Recently, I enjoyed a lecture at the Garden by Debra Prinzing, the author of Slow Flowers: Four Seasons of Locally Grown Bouquets from the Garden, Meadow, and Farm.
While Debra helped us discover how to use the best locally grown cut flowers all year long, I’ve been on a “slow flower” journey of my own this winter, taking Botanical Drawing with Colored Pencil with instructor Derek Norman and 13 other Garden members in the Design Studio at our Regenstein Center. Slow processes (cooking, springtime, gardening, travel, motherhood) always demand patience, and constantly toe the line between joy and frustration. Drawing is no exception!
Derek brought in fresh flowers or leaves weekly and led us in studying their forms and showing us how to render them—in our own ways—on different kinds of paper with colored pencils, which we got to know by number, not color name.
During some class sessions, when I could work without self-consciousness and distraction, I felt freedom and joy—a pure relaxation I rarely experience. And I was proud of my work:
Some sessions proved challenging and exhausting, especially those that followed my visit to the wonderful Picasso exhibition at the Art Institute or a weekend examining the exquisite botanical drawings by Ellsworth Kelly. I was full of doubt and frustration, and the drawing experience and images suffered.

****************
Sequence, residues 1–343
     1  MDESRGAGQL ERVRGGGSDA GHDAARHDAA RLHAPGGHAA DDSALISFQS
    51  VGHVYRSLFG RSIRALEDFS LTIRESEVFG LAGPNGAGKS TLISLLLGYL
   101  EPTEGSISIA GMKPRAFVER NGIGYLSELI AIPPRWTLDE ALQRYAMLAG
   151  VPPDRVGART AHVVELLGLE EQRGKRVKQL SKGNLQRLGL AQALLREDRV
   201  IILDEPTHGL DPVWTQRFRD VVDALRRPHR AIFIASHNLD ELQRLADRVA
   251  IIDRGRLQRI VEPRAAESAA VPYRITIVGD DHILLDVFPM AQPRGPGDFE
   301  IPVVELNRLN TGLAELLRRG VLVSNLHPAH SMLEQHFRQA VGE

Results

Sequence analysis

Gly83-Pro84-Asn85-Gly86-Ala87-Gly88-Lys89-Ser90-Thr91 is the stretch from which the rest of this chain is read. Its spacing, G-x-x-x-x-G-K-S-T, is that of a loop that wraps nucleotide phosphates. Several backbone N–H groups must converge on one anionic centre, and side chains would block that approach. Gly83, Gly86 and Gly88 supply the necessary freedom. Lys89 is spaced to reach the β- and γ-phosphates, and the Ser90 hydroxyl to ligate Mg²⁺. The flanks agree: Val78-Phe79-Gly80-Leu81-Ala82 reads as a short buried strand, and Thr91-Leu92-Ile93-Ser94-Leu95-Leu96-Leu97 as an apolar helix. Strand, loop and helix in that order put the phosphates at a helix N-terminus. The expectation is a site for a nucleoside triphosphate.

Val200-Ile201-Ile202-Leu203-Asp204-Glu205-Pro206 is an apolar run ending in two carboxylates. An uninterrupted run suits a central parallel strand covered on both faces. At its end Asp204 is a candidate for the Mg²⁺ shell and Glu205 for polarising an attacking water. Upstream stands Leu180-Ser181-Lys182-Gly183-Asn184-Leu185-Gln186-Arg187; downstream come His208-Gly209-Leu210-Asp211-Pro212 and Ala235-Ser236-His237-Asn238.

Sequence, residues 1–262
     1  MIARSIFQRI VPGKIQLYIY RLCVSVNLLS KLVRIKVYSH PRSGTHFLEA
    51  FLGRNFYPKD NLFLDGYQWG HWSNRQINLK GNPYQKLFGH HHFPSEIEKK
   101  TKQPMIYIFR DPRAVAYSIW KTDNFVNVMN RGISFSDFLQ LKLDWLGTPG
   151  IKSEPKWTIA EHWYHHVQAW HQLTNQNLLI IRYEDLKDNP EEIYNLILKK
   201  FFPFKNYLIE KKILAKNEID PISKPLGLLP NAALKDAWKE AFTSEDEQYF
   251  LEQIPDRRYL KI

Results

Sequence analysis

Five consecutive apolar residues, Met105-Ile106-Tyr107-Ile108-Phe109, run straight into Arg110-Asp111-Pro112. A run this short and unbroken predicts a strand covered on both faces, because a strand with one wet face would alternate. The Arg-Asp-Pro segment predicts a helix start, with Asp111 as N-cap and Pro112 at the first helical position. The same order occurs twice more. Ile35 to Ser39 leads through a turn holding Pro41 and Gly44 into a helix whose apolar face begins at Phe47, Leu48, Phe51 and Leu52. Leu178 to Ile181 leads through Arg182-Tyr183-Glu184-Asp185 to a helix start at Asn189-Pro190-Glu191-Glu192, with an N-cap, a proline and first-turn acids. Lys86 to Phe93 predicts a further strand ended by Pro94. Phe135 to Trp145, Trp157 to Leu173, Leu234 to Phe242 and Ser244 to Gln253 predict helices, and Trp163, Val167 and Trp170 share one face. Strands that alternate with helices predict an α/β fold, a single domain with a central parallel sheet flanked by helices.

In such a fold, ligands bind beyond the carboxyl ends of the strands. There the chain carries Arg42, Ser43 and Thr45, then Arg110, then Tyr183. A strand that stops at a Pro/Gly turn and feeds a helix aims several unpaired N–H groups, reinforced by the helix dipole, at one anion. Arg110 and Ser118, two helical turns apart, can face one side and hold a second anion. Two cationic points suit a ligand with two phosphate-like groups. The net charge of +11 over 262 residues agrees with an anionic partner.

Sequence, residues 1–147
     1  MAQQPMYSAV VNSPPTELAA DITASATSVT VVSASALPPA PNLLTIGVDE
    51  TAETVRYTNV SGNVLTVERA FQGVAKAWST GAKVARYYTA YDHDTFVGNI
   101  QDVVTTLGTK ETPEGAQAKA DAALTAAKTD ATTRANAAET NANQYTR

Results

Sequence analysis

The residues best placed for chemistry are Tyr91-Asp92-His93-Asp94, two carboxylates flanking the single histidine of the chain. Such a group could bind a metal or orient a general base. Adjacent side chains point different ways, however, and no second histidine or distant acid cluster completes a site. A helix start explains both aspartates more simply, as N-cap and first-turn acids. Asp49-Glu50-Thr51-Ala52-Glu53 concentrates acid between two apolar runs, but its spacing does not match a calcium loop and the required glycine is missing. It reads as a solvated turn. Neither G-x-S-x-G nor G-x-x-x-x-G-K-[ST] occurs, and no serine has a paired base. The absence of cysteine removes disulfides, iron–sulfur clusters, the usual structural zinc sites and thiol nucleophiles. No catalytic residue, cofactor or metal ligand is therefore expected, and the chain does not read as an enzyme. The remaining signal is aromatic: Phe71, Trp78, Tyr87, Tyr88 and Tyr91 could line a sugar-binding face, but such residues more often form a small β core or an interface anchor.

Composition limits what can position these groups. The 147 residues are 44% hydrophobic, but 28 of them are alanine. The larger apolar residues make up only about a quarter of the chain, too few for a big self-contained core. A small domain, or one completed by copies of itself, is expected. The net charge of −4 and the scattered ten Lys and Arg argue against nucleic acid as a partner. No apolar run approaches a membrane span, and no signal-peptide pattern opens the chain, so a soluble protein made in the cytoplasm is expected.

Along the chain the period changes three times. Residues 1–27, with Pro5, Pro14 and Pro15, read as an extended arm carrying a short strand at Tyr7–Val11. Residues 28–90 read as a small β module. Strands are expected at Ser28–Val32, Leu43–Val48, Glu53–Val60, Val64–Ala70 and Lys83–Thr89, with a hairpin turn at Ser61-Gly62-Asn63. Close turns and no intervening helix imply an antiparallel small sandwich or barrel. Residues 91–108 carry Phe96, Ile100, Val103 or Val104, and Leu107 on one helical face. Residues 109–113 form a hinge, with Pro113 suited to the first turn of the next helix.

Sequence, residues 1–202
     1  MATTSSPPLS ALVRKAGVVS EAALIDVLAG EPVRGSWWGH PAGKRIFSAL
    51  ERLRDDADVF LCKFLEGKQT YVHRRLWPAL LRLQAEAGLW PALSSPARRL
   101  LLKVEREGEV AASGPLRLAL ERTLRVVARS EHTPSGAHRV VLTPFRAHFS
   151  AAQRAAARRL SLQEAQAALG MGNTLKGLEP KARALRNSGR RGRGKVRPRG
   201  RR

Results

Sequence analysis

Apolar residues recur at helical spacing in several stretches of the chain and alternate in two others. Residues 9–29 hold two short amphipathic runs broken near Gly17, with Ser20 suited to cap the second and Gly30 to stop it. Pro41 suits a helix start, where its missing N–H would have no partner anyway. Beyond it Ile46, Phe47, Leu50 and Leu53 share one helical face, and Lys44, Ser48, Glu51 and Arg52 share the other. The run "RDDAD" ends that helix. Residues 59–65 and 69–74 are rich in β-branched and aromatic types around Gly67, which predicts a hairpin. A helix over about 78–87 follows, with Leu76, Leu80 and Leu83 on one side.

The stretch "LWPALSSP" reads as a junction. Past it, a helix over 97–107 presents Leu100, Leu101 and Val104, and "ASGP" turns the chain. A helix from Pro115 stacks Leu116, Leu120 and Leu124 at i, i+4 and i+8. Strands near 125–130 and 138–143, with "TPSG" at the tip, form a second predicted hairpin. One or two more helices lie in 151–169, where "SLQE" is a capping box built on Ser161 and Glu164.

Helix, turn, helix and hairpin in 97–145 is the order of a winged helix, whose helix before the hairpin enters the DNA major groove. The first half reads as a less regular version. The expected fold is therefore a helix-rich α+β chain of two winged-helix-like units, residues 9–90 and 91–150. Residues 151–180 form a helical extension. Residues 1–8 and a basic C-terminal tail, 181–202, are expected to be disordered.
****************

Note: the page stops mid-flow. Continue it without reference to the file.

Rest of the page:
I am not an experienced artist. (The last time I took a drawing course was as a student at Wellesley.) And since I’ve been working at the Garden I have seen (and been intimidated by) so many remarkable botanical illustrations, like those produced by the members of the American Society of Botanical Artists or shown at the Garden’s Annual Student Botanical Arts Exhibition.
But last summer, my sister-in-law, nephew, and I spent an afternoon in Wisconsin drawing pansies and wild geranium. What alternating feelings of joy and frustration! I’d make progress on my petals only to look up and see that my sketch looked nothing like the plant on the picnic table before me. But my 7-year-old nephew gave me the encouragement I needed. He told me enthusiastically, “Just go for it, add some watercolor, don’t worry!” His sweet voice cut through my filters of, “I can’t, I won’t, I’m scared,” and I added some purple paint…and eventually felt inspired to sign up for the Garden class.
I am glad I did. I learned new skills, used new tools, and got to know myself—and the Garden—better. I made new friends, whose works of art I so admire. I’ll be back—sketching at the Garden and signing up for another class (maybe even watercolors!) as soon as possible.
©2013 Chicago Botanic Garden and my.chicagobotanic.org